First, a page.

Thank the Lord for coffee breaks! My throat is sore, my back hurts, and the characters in my novel are trying to kill me. Of course, I've been tormenting them, but that's my job. They're just being contrary and childish to oppose the slings and arrows. Speaking of my novel, I've posted a couple scenes that were cut. Here's one (unedited) that's staying.
The Ryton Many Mile Marathon Chairperson Dolores Hyatt had been working in the huge race tent when runners began to share the news about what was happening on Watts Ridge. She had been horrified as the details emerged, but she kept the volunteers focused on processing the racers and making sure they all received their t-shirts and giveaways. At least none of the racers had been injured.
“Dee,” Abby Lange hissed at her. “It’s him!”
Dolores looked up from her clipboard. Michael Hyatt stood in the entrance scanning the tables. Strangely enough, he was dressed in his jogging suit even though she knew her soon-to-be-ex-husband hadn’t run in the race. Or had someone else checked him in?
She saw when he saw her. His face twisted. She tried to control her rapid breathing as he strode over to her.
“We need to talk,” he said flatly. “Now. Come with me.” The anger in his voice made her flinch.
For a moment, her body nearly betrayed her. She had always done what her husband said, had always taken his anger as her due, and had hid the bruises to protect him time and time again. But she would never do that again.
“You need to talk to my attorney,” she said, proud that her voice didn’t quiver. “Call Harold Hast –”
“I know who your attorney is,” Michael cut in, his voice shaking with fury. “I read the papers you had served to me today!”
“I guess the server couldn’t find you yesterday,” Dolores said. “Call Harold.”
“Don’t tell me what to do!” Michael yelled. “Now, come with me!”
People looked at them. All the noise in the tent ceased. Abby rose and came to stand behind Dolores.
Dolores looked down, feeling the old familiar shame. Only Abby’s hand on her shoulder kept her in her chair.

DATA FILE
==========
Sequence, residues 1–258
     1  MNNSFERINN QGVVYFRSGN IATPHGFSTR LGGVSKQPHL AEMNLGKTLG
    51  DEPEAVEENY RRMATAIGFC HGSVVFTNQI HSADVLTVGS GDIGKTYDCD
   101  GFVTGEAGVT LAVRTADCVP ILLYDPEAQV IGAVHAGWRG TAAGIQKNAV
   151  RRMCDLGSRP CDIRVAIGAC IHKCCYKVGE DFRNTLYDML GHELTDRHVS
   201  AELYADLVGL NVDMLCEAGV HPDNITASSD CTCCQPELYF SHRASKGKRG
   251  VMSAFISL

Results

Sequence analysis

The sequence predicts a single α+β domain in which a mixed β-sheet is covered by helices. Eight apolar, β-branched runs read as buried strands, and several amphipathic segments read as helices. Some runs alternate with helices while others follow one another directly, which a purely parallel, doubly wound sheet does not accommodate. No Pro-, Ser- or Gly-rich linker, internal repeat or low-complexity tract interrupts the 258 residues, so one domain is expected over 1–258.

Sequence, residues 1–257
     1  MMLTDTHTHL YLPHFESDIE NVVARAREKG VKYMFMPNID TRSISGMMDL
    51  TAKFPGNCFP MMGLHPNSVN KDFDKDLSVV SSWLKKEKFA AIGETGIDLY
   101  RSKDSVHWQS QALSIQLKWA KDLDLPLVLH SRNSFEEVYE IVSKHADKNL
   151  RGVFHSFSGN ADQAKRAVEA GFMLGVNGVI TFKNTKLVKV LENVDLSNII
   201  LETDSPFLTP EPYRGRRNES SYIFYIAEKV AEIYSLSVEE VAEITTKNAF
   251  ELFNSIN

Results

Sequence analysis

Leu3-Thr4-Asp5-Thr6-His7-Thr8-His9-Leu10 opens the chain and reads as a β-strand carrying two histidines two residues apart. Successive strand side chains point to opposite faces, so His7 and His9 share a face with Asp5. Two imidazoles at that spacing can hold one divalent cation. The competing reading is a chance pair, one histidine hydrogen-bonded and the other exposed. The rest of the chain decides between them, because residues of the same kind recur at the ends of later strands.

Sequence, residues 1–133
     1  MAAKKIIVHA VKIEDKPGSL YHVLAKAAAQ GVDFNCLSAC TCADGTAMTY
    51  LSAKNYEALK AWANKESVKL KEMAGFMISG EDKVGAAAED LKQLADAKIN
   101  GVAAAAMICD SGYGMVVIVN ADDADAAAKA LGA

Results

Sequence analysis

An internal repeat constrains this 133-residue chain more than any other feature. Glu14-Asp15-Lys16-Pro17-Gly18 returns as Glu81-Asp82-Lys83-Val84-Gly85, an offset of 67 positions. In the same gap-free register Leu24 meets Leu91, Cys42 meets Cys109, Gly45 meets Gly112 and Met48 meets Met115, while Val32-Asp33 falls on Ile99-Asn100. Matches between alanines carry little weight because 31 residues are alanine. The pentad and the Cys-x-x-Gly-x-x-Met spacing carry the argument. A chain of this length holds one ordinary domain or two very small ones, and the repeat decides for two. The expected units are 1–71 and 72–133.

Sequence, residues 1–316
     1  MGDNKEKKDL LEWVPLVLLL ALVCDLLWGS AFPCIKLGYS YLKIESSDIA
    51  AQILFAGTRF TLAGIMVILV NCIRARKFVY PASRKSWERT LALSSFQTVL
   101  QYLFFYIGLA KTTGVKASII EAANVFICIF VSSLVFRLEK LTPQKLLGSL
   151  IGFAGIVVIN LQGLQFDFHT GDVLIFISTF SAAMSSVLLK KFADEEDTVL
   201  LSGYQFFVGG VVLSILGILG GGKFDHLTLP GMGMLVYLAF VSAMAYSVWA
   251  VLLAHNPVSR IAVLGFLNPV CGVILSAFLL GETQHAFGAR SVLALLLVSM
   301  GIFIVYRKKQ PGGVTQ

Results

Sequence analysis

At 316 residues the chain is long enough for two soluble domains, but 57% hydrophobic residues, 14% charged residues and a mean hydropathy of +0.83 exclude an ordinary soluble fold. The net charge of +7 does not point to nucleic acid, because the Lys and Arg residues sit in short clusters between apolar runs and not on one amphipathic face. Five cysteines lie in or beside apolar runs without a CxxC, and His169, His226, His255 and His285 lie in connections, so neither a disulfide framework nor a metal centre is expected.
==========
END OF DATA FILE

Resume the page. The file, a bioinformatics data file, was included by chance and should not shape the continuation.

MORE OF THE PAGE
“Michael, you should go,” Abby said.
“Stay out of this,” Michael snarled. “If you know what’s good for you.”
“She does,” Abby’s husband Mack said from behind the real estate agent. Mack, a construction foreman, stared down at Michael. “And if you think you’re going to beat my wife like you beat yours, you'd better rethink real fast.” Mack brought his face down to an inch from Michael’s. “Why don’t you go before I make you go?”
For a moment, Dolores thought Michael was going to throw himself at the much larger man, but he backed away.
“This isn’t over,” Michael told Dolores.
“Call Harold Hastings,” she said, not trusting herself to look up. “I won’t talk to you.”
“You will. One way or another, you will.” Michael turned and left the tent.
“He’s so mad,” Dolores said, sick with fear.
“It’s okay,” Abby said. “It’s okay now. He can’t hurt you now.”
“He’d better not try,” Mack said. “I’ll snap him like a twig.”
“Mack, that’s enough,” Abby said. “Dee, are you all right?”
Dolores nodded. “He wasn’t supposed to be here.”
“Mack, take her clipboard,” Abby commanded. “Dee and I are going to take a break.”
“But I don’t know what to do,” Mack said.
Abby glanced at him. “You’ll learn.” She handed the clipboard to Mack. “Dee and I will be right back.”
Abby led Dolores over to the refreshment table where she got them both a cup of black coffee with plenty of sugar and creamer. “We can sit in my car,” Abby said. “It’s right over here.”
In the car, Dolores cried for a good ten minutes while Abby held her hand and listened.
Finally, Dolores pulled herself back together. “I’m sorry, Abs.”
“Sweetie, I’m always here for you,” Abby said. “You’re going to get through this, and your life is going to be so much better. I’m proud of you. And Mack and I are going to be beside you all the way.”
This caused Dolores to cry for another five minutes while trying to tell Abby how much she appreciated their support. Finally, she pulled herself together.
“Have you told Sherry yet?” Abby asked.
“No,” Dolores said. “She will never forgive me. She’s always been her daddy’s girl.”
“You might be surprised,” Abby said.
“Maybe,” Dolores said, but she knew better. Sherry was cut from the same pattern as her father who had denied her nothing. Dolores had done what she could, but it hadn’t been enough. She wished Sherry and Bernard hadn't broke up. Bernard had been a good influence on her daughter unlike Jerry who gave in to Sherry on everything.
They sat quietly for a few minutes watching the runners trickle in.
“You know what I think? I think it’s so sad that a nice man like Cyrus Fowler is dead while Michael Hyatt isn’t.”
“Don’t say that,” Dolores said. But she secretly agreed, and for a moment, wondered how to do it.
(From Murder by the Mile. Copyright 2013 by Stephen B. Bagley. All rights reserved. No copying without express written permission. Thank you for reading.)